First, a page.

Blog topic: Sound recordings

Edison Home Phonograph (detail)

New services at the Archive of Recorded Sound

The beginning of 2013 has seen a number of significant developments at Stanford's Archive of Recorded Sound, especially in the area of patron services, both at the Archive itself and online.  

Information relating to these improved services can be found on the Archive's new website. This detailed resource also includes information on the Archive's extensive collections, guidelines for planning a research trip to the Archive, and finally recommendations for notable sound recording research tools, both online and in print.

The Dichterliebe, recorded by Thom Denijs in 1928 (HMV 092026)

Spotlight on: Schumann's Dichterliebe

April 4, 2013

Schumann’s Dichterliebe, op. 48, from 1840 weds music and text into one of the most memorable song cycles of the Romantic period. The cycle consists of sixteen songs on poems from Heinrich Heine’s Lyrisches Intermezzo. The earliest recordings of the entire cycle were by Dutch baritone, Thom Denijs (1877-1935), who recorded the cycle twice in London with his wife, Emmy Denijs-Kruyt (1878-1964), as pianist, first in an acoustic recording on 5 April 1923 and later as an electrical recording in three sessions in January and July 1928.

Fred Ross Sr. audio digitization completed

April 3, 2013
by Geoff Willard

The Stanford Media Preservation Lab has recently finished reformatting the 440 audiocassettes in the Fred Ross papers, an immense body of audio documenting the training meetings held by labor organizer Fred Ross Sr. Housed in Special Collections, the digitized audio focuses extensively on house meetings in the 1970s and 80s, an organizing technique Ross developed and taught. A small portion of the tapes include Cesar Chavez, who Ross hired and trained in the early 50s. Chavez later went on to form the National Farm Workers Association, but Ross always remained a mentor and strong influence. "As time went on, Fred became sort of my hero," Chavez said. "I saw him organize and I wanted to learn."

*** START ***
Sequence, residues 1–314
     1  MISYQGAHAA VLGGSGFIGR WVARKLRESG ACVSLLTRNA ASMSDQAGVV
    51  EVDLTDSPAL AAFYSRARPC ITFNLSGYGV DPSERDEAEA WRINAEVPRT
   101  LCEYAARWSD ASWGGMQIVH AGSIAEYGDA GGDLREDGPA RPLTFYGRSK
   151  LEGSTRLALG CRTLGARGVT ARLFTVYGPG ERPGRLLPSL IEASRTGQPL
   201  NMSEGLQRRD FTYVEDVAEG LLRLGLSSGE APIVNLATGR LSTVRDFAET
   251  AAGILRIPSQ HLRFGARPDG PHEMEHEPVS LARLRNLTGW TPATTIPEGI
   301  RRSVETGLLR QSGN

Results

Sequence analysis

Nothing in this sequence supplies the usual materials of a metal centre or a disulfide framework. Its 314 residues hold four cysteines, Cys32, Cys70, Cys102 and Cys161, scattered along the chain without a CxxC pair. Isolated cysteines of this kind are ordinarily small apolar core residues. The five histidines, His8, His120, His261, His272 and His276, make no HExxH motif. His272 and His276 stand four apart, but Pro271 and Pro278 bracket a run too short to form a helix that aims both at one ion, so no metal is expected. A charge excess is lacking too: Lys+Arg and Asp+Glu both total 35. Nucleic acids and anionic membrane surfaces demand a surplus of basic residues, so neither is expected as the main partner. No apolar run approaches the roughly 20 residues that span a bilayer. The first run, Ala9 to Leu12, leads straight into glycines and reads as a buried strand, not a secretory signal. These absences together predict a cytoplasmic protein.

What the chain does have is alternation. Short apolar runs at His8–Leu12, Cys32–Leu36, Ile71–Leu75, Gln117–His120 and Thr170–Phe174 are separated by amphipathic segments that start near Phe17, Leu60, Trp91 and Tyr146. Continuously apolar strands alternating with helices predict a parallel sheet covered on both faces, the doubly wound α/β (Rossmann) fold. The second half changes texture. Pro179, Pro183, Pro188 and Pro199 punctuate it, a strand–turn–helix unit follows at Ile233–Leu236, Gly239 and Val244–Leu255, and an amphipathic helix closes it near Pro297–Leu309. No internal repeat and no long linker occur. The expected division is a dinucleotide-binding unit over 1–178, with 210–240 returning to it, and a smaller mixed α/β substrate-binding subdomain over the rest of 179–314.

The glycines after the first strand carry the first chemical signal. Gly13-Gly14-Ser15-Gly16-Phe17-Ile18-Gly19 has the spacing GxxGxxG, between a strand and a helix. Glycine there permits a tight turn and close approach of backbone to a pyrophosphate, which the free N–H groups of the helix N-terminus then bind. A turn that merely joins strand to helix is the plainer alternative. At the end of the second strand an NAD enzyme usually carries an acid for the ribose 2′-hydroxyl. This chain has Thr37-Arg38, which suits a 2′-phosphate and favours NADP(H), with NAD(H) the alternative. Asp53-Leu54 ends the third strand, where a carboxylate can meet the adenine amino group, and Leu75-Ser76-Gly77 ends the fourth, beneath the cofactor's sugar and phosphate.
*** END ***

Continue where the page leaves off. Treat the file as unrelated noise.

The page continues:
The opening phrase of the fifth symphony, in Beethoven's hand

Beethoven mania!

January 11, 2013
by Ray Heigemeir

"The Beethoven Project is a large-scale celebration acknowledging Bing Concert Hall as the new home of the Stanford Symphony Orchestra and Stanford Philharmonia Orchestra. These ensembles, under the baton of Jindong Cai, will devote the season to the performance of all nine Beethoven symphonies, as well as all five of the composer’s piano concerti featuring Van Cliburn Gold Medal–winning pianist and Stanford alumnus Jon Nakamatsu.

Screenshot of Riverwalk Jazz website

A steady stream of Riverwalk Jazz

Did you read the news a few months ago about the Riverwalk Jazz archive coming to Stanford? Now the collection of radio shows is available online, featuring two channels of continuous audio streams: http://riverwalkjazz.stanford.edu/.

As fans of the long-running public radio program know, Riverwalk Jazz tells the story of early jazz and blues as it evolved in the first half of the 20th century. Using rich narrative, oral histories and interviews, clips of historic musical recordings, and live musical performances by the Jim Cullum Jazz Band, each radio show entertains and educates its listeners, promoting classic jazz music and an appreciation for its place in history. With this new web site, the series of programs is presented by the Stanford Archive of Recorded Sound as an incomparable research collection for use by jazz scholars and fans alike.

War Memorial Opera House, exterior

Rare opera films online

October 18, 2012
by Ray Heigemeir

Richard Bonelli (1889-1980), an internationally-known baritone and noted voice teacher, performed frequently in San Francisco in the 1920s and 1930s. The Richard Bonelli Collection, consisting of letters, photographs, programs, scores, scrapbooks, and other material, is available to researchers at the Stanford Archive of Recorded Sound. Additionally, a number of commercial recordings featuring Bonelli may be consulted in the Archive, and several CD reissues may be borrowed from the Music Library.

Privately produced Leopold Auer recording, signed by the artist on June 7, 1920, from the Jascha Heifetz Collection.

Archive of Recorded Sound hidden collections project completed

May 29, 2012
by Ray Heigemeir

The Archive of Recorded Sound has completed the processing of four significant collections under the sponsorship of the Council on Library and Information Resources (CLIR) with funding from the Andrew W. Mellon Foundation which are now ready for use by researchers, students, musicians, and the public.  The creators of all four collections have California connections, but their work and influence extended far beyond state borders to distant regions of the world.

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